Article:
Of course orthopraxy changed over time. That’s not a bad thing and it would be silly to claim otherwise. Orthodoxy, however, is a different matter entirely. How the Church understands and explains orthodox theology will change, but the beliefs themselves go back to Jesus. I’m sure you believe the same.

            You have to deny the position of Peter to be a reformed protestant. I’m glad you recognize that. Unfortunately, the Bible and early church history refute your claim. Jesus very clearly separated Peter from the other apostles. Even as a protestant I saw that. Before becoming Catholic, I had asked multiple pastors to explain the meaning of that passage, but nothing satisfied quite as much as the plain truths of Scripture.

            So, I suppose that you’re suggesting that the idea of for a Pope arose sometime after St. Cyprian. Interesting. I’ll pull out my copy of St. Cyprian’s works. Let’s see what Cyprian himself has to say:

            “And though to all His Apostles He gave an equal power yet did He set up one chair, and disposed the origin and manner of unity by his authority. The other Apostles were indeed what Peter was, but the primacy is given to Peter, and the Church and the chair is shown to be one…He who deserts the chair of Peter, upon whom the Church is founded, is he confident that he is in the Church?” (The Complete Works of Saint Cyprian of Carthage, On the Unity of the Church, 4)

            I will ask you the same question that St. Cyprian asked: how can you be confident you are in the right Chruch? You have deserted the authority of Peter and so have deserted the Chruch.

            Clearly you’re reading something into the history books. What’s funny is that by invoking a historical instance involving the bishops you actually prove that a Chruch structure was in order and you prove that it was maintained by an organized church! That’s the Catholic claim. I’m sorry you left Christ’s Chuch for a schism with weak theology and an even weaker claim to history, but you cannot claim the early church fathers sent you there. That’s nonsense.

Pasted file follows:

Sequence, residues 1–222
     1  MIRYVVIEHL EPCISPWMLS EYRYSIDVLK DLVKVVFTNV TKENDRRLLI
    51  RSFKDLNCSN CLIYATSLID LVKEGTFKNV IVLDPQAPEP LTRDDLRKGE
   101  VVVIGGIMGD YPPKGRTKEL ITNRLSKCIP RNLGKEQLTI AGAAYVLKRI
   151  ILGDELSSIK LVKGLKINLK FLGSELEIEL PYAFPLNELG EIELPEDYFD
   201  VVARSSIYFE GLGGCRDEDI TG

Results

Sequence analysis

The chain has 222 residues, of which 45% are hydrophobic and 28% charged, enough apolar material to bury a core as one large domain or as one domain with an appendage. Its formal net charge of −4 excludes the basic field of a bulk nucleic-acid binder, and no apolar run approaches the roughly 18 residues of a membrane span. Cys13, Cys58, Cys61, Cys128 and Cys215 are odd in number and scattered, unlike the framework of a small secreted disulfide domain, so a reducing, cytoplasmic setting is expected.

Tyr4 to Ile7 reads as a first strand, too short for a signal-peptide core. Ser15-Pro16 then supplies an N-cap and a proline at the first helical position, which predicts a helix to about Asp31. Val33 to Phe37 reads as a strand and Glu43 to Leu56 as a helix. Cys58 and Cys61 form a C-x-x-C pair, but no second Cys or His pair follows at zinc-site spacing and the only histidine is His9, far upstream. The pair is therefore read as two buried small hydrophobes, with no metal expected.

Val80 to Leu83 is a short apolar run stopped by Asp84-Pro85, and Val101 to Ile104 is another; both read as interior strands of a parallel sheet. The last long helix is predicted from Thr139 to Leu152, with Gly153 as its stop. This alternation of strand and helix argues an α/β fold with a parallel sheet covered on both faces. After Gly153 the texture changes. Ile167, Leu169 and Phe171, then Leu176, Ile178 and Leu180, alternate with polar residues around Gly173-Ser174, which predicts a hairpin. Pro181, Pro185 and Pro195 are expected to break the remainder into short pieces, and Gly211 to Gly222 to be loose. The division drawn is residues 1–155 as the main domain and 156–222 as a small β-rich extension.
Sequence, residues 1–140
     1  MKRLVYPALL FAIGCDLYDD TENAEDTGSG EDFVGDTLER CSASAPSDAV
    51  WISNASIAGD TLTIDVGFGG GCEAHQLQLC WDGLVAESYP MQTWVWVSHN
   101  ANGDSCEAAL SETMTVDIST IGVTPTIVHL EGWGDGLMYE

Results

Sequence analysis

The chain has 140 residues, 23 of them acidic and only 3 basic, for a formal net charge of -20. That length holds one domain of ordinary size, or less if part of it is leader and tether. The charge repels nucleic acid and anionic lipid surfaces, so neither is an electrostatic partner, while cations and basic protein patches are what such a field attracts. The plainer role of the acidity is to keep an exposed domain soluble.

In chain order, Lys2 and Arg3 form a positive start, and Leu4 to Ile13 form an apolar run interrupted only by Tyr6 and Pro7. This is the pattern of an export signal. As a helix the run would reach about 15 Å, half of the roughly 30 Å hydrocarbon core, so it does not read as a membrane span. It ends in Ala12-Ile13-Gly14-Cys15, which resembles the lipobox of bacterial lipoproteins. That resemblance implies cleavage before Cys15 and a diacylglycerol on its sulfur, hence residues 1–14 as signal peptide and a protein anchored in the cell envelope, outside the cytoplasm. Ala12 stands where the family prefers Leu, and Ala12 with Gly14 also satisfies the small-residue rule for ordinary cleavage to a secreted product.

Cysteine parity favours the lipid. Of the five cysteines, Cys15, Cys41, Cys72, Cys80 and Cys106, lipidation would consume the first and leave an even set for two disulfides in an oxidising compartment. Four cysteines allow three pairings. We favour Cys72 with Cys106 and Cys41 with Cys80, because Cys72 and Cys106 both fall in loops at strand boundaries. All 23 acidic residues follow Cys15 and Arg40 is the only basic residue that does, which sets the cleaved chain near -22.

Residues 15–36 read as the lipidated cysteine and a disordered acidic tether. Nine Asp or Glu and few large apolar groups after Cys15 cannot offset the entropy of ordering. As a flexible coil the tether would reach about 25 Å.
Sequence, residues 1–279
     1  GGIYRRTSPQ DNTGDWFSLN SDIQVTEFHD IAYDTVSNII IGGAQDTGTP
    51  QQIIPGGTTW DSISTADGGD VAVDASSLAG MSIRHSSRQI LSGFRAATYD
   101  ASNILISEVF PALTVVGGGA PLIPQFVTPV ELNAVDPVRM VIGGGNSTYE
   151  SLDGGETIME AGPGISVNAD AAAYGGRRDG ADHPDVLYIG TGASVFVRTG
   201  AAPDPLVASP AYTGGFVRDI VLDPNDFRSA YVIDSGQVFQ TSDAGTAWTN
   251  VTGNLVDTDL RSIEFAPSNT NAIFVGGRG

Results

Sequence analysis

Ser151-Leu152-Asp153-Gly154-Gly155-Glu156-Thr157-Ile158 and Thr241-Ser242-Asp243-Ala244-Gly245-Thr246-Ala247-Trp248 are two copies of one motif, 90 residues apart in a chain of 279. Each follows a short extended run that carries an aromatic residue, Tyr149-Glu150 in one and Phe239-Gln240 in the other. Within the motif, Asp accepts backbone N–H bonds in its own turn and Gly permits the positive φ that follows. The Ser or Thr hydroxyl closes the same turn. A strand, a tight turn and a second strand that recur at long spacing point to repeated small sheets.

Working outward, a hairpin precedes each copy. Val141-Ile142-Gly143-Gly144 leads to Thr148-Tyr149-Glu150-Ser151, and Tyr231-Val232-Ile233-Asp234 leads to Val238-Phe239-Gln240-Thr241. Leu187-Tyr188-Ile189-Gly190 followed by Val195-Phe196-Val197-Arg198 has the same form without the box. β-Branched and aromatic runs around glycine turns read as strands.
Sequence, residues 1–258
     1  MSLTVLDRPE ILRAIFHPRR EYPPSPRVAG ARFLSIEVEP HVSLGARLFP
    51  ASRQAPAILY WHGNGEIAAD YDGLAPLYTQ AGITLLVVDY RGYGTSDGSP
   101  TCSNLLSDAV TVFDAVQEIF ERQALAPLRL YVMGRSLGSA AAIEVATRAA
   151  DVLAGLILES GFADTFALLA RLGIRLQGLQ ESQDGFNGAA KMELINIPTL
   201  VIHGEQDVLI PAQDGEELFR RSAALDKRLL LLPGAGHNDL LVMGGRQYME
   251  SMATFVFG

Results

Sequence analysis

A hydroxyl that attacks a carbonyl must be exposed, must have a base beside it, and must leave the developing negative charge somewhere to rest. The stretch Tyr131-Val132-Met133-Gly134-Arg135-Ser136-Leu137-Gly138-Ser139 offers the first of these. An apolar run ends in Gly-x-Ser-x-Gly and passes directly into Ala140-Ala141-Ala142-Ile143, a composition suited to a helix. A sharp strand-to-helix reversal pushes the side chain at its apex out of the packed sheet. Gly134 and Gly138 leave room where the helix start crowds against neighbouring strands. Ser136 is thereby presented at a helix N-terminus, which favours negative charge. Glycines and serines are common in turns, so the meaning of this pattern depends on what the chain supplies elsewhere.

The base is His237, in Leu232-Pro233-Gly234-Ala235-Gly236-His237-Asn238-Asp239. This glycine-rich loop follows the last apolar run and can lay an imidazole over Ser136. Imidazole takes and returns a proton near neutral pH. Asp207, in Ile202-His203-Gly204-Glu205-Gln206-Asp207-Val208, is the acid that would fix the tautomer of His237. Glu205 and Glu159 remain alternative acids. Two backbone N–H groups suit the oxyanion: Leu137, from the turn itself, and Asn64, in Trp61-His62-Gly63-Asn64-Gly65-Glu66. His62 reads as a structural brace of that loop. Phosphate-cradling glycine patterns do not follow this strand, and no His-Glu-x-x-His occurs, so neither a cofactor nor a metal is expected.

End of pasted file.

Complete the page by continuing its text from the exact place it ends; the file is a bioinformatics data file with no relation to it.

• Jane Hildebrand

            Kara, you offered a partial quote. After your … it says,

            So too, all [the apostles] are shepherds, and the flock is shown to be one, fed by all the apostles in single-minded accord. If someone does not hold fast to THIS unity of Peter, can he imagine that he still holds the faith? If he [should] desert the chair of Peter upon whom the Church was built, can he still be confident that he is in the Church?”
            ~Cyprian of Carthage [A.D. 251]

            This had nothing to do with papal supremacy because later St. Cyprian said to Pope Stephen:

            “No one among us sets himself up as a bishop of bishops, or by tyranny and terror forces his colleagues to compulsory obedience, seeing that every bishop in the freedom of his liberty and power possesses the right to his own mind and can no more be judged by another than he himself can judge another. We must all await the judgment of our Lord Jesus Chirst, who singly and alone has power both to appoint us to the government of his Church and to judge our acts therein’ (CSEL 3, 1, 436).

            Cyprian also said,

            “Even Peter, whom the Lord first chose and upon whom He built His Church, when Paul later disputed with him over circumcision, did not claim insolently any prerogative for himself, nor make any arrogant assumptions nor say that he had the primacy and ought to be obeyed’ (Cyprian Epist. 71, 3).”

          • KaraB

            Thank you for filling in the quote for me. I didn’t feel like typing it all out. So take these things together and look at what Cyprian is saying: The Pope is supreme among the bishops, we are to live in unity, the Pope is not to abuse his power, and the Pope is to listen to the other bishops. All things Catholics believe. You cannot look at these statements and say that Cyprian doesn’t believe it a pope. He very obviously does.